doctor talking to patient and wife in hospital roomEstate planning can seem challenging, especially if you do not have the right help. While writing a will or establishing a trust does not have to be difficult, an unfortunate number of people across Arkansas and the United States lack even the foundations of a rudimentary estate plan. After all, estate planning is about more than establishing a legacy and disbursing gifts to heirs. Done right, an estate plan could also help you protect your health, even when you are still alive.

The Health Care Power of Attorney

While nobody wishes to find themselves incapacitated, accidents, injuries, and illnesses are unavoidable. The health care power of attorney is a special estate planning instrument that helps you retain control over your body if you are ever physically or mentally incapacitated. By delegating somebody the medical power of attorney, you effectively empower them to make health care decisions on your behalf. Ideally, this person is someone who is acquainted with your personal values and preferences and who can be trusted to act in accordance with both your best interests and beliefs.

Someone who is given this power of attorney may be called a “health care proxy.” The health care proxy may speak to doctors, view your medical records, and act in your stead. Ideally, the proxy will be able to follow written, planned instructions that detail how you would like to address critical care and resuscitative treatment.

How to Choose a Health Care Proxy

People often designate a spouse, parent, or relative as a health care proxy. However, you can delegate the health care power of attorney to anyone you trust to have your best interests in mind, including a close friend or another non-family member. Before choosing a proxy, you should consider:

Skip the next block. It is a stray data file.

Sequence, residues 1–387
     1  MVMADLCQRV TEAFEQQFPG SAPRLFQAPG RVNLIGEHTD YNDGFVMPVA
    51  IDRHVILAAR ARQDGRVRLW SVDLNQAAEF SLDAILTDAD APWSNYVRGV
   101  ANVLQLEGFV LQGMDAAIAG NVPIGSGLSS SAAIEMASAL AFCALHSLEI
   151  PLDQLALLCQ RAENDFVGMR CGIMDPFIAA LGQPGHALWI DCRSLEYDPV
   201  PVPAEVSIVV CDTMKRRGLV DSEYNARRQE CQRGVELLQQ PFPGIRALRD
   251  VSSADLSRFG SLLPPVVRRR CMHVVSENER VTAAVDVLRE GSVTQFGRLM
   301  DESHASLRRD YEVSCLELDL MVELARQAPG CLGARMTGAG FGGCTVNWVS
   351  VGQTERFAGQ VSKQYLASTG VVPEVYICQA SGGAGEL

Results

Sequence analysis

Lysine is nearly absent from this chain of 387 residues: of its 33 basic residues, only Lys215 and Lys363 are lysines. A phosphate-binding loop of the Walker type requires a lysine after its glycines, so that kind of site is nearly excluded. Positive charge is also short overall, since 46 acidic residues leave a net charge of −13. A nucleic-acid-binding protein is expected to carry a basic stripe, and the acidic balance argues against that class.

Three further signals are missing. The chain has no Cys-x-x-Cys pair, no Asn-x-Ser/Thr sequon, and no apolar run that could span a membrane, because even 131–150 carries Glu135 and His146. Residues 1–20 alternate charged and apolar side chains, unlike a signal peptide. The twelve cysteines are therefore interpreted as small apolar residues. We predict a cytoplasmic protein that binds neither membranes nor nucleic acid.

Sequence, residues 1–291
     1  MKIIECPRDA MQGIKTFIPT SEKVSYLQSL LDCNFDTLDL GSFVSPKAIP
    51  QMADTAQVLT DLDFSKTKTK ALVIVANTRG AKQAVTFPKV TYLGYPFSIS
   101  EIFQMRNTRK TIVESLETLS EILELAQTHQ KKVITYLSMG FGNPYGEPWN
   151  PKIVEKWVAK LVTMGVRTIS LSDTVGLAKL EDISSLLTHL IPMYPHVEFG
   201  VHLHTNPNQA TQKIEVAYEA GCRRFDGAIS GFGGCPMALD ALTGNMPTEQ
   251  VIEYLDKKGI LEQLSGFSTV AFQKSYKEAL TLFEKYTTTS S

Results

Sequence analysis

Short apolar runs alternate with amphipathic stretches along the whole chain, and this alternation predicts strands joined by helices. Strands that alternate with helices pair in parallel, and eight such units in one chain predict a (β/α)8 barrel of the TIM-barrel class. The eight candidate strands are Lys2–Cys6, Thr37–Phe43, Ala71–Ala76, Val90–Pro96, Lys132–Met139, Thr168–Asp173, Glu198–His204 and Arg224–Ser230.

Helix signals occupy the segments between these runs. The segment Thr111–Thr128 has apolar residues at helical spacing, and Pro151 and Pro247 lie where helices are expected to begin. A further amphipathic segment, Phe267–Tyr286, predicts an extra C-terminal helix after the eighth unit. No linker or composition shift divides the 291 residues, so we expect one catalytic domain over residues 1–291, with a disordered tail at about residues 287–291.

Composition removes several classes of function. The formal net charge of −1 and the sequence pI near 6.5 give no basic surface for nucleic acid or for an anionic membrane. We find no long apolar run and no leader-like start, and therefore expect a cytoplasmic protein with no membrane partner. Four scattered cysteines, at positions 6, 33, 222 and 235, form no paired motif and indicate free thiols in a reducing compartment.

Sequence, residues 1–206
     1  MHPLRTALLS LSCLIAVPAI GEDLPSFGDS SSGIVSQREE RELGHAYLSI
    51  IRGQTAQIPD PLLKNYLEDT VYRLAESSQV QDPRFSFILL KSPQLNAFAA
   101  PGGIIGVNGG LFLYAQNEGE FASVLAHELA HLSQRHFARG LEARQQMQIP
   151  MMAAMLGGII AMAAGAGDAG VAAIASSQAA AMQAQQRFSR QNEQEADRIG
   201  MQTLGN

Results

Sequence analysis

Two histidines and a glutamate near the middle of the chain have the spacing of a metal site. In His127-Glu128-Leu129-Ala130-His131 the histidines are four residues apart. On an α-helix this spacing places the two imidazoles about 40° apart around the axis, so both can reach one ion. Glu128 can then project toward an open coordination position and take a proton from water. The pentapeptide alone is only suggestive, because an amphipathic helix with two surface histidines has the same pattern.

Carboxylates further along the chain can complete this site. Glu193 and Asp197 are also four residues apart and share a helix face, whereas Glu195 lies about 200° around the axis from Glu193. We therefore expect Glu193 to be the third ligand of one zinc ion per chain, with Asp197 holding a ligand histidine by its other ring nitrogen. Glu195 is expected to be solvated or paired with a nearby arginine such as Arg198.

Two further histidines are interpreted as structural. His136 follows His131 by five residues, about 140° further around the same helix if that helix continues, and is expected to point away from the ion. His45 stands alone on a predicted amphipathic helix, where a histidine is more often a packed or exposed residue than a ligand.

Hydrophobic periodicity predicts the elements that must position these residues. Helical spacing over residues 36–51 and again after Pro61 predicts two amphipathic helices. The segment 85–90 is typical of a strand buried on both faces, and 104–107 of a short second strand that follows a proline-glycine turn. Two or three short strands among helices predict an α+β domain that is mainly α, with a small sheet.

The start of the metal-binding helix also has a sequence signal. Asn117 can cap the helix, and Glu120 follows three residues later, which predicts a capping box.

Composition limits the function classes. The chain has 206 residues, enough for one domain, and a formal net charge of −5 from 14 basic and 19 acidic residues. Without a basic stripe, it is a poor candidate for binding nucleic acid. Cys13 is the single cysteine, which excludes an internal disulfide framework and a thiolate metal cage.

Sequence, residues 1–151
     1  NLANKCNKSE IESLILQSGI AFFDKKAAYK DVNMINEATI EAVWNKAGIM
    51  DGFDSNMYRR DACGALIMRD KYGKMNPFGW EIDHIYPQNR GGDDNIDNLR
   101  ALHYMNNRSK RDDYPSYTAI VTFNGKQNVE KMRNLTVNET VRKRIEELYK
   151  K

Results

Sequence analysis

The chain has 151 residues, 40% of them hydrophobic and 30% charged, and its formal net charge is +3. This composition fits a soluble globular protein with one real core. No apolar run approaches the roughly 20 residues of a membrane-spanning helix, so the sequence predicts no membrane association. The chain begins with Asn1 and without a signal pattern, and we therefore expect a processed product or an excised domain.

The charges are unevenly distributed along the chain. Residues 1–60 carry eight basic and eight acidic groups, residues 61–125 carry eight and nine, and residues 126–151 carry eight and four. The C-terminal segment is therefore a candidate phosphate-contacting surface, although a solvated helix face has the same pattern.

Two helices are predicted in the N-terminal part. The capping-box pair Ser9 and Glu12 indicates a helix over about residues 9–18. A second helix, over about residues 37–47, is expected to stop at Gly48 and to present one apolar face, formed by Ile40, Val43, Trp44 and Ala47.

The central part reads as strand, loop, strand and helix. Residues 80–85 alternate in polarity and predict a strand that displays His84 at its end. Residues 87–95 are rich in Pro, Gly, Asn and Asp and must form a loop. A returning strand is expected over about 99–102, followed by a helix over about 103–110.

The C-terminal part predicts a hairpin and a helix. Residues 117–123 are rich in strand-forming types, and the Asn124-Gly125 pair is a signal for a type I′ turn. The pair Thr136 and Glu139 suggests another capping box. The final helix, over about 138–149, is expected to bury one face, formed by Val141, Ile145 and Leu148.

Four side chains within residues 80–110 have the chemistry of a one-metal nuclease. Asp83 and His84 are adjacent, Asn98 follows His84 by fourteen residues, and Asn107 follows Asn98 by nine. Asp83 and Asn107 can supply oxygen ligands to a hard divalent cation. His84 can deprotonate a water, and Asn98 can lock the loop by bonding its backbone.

• Where do they live? You do not have to live in the same house, city, or state as your health care proxy. However, geographical proximity can be helpful, as you might need someone to make fast decisions in the immediate aftermath of a serious or life-threatening accident.
  • Do they know what matters to you? Your health care proxy should understand what treatments you would or would not approve in a critical care scenario. Estate planning attorneys often recommend that the medical power of attorney be accompanied by several explanatory documents that list, at a bare minimum, your care needs and preferences.
  • Do they understand your beliefs? Your proxy should not only know what you want—they should understand why you might want or refuse certain treatments. Being able to understand your beliefs, sense of morality, and decision-making processes will help your proxy honor and respect your wishes.
  • Are they willing to make difficult decisions? Health care proxies can be asked to make difficult, emotionally challenging decisions. Your health care proxy should be someone who is willing to put your beliefs and best interests above their own.
  • Can they be assertive? The medical power of attorney could demand a candidate who knows how to make fast, on-the-spot decisions. If a potential proxy cannot say “no,” or constantly second-guesses themselves, they might not be suited for the position.

Who Can Act as a Health Care Proxy in Arkansas

In general, most adults are eligible to act as a proxy. However, Arkansas prohibits the following:

  • Anyone under the age of 18
  • Your health care provider
  • The operator of a health care facility

The following people also cannot be a health care proxy unless they are related to you by blood, marriage, or adoption:

  • An employee of your health care provider
  • An employee of a health care facility

Delegating the Health Care Power of Attorney

The Arkansas Code affords the health care power of attorney significant authority. Under most circumstances, the proxy’s decisions are final and cannot be challenged or overruled unless there is a compelling reason to believe that the agent is not acting in the patient’s best interests.

In order to execute the health care power of attorney, you must:

  • Create a written agreement naming the proxy.
  • Sign the document.
  • Have the health care power of attorney attested to and signed by at least two witnesses, both of whom must have reached at least the age of 18.

Contact Quraishi Law & Wealth Today

If you or a loved one is considering designating someone as a health care proxy, Quraishi Law & Health can help you ensure that your estate plan is compliant with Arkansas state law. Our community-oriented team of estate planning professionals can help you protect your health and lay the foundation for a legacy that could enrich you in life and create a compassionate legacy. Please send us a message or call us at 870-275-4304 to schedule your initial consultation as soon as possible.

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